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FORUM on Corrections Research

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What Makes an Effective Correctional Officer? Views from Staff and Inmates

Do inmates, correctional officers, and their supervisors, differ in their perceptions about what makes an effective correctional officer? Canadian psychologists Dr. Cindy Wahler and Dr. Paul Gendreau investigated this question in a recent survey conducted at four Ontario provincial institutions. They asked inmates and staff to rate the importance of 61 different behaviours that are associated with the work of correctional officers. Ninety inmates, and 109 institutional staff participated in the survey. Although the beliefs and attitudes of correctional officers have frequently been researched in the past, this study is unique in that it is the first to compare inmate beliefs with the beliefs held by prison staff.

Using the questionnaire responses, Wahler and Gendreau identified three major dimensions of correctional officer effectiveness:

Responsibility/Leadership Skills (e.g., co-operating with other staff and providing inmates with directions); Behaviour Skill Deficits (e.g., lethargy and emotional volatility with other staff and inmates); and Inmate Relationship Skills (e.g., providing inmates with support and understanding).

There were no differences between the perceptions of correctional officers and their supervisors on any of the dimensions of correctional officer effectiveness. Staff from different institutions also held similar beliefs. Inmates and staff, however, did differ in their perceptions. Not surprisingly, the researchers found that staff valued responsibility/ leadership skills to a greater extent than did inmates. In addition, inmates attached more significance to the dimension of inmate relationship skills. There were no differences in beliefs about the role played by behaviour skill deficits in decreasing a correctional officer's effectiveness.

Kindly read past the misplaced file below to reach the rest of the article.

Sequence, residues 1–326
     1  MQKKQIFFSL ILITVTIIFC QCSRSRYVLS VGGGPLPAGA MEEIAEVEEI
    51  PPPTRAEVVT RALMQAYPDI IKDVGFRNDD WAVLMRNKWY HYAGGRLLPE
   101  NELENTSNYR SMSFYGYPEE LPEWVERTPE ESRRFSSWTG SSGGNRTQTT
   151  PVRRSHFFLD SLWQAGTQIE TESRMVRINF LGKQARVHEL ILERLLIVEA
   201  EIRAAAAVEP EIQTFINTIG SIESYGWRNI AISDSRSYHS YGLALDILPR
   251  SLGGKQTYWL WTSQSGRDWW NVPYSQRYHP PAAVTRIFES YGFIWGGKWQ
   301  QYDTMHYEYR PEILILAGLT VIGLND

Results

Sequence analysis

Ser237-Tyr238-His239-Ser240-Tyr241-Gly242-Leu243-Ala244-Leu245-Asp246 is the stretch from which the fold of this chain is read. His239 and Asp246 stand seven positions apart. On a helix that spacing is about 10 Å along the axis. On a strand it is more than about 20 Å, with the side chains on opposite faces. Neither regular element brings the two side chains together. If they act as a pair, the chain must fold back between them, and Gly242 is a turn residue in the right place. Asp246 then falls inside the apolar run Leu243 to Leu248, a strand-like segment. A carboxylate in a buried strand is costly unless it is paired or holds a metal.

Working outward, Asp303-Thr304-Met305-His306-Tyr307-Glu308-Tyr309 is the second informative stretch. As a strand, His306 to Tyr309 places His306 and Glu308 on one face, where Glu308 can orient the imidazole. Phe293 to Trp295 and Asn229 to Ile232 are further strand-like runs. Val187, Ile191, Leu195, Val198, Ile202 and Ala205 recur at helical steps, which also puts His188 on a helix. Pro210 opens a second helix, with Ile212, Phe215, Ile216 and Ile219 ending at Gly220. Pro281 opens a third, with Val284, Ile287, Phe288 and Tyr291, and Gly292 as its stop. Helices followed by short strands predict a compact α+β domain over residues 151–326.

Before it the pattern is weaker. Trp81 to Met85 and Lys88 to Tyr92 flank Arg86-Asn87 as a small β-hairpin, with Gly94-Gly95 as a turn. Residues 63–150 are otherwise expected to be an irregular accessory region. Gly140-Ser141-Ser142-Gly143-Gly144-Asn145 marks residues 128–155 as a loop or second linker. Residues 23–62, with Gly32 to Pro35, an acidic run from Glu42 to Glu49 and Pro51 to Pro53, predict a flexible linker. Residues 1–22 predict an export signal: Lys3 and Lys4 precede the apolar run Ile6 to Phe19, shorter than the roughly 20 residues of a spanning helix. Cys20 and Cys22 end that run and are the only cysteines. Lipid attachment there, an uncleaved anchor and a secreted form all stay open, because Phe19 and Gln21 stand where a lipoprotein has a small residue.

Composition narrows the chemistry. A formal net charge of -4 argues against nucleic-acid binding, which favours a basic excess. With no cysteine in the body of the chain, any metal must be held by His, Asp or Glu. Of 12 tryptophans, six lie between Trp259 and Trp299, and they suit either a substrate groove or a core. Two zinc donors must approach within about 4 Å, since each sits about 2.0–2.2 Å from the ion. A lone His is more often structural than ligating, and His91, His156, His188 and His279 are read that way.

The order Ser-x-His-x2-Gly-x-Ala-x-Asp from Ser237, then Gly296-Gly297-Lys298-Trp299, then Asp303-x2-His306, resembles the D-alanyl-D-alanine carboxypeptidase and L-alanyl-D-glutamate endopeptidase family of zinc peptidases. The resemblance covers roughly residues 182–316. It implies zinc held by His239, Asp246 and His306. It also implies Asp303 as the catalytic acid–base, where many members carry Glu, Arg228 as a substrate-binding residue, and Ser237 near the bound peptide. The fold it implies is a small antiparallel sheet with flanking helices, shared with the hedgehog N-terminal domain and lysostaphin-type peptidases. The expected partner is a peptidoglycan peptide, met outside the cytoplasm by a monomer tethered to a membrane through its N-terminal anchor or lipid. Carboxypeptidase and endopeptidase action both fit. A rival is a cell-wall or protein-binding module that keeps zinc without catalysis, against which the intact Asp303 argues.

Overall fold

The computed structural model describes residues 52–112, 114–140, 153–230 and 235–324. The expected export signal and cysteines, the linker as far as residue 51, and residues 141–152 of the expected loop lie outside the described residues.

The study also revealed some interesting differences in perceptions within the inmate sample. Younger inmates and those who had shorter periods of previous incarceration viewed responsibility/leadership skills as more important than their older and more institutionalized counterparts. Wahler and Gendreau also reported that inmates who had experienced the longest periods of incarceration in maximum security institutions were less likely to view inmate relationship skills as important.

Another interesting finding that emerged from the study was that younger supervisors were more likely than older supervisors to value inmate relationship skills. One interpretation is that this finding may reflect a shift in emphasis from the custodial function to the rehabilitative function of incarceration.

Whaler, C., & Gendreau, P. (in press). Perceived characteristics of effective correctional officers by officers, supervisors and inmates across three different types of institutions. Canadian Journal of Criminology.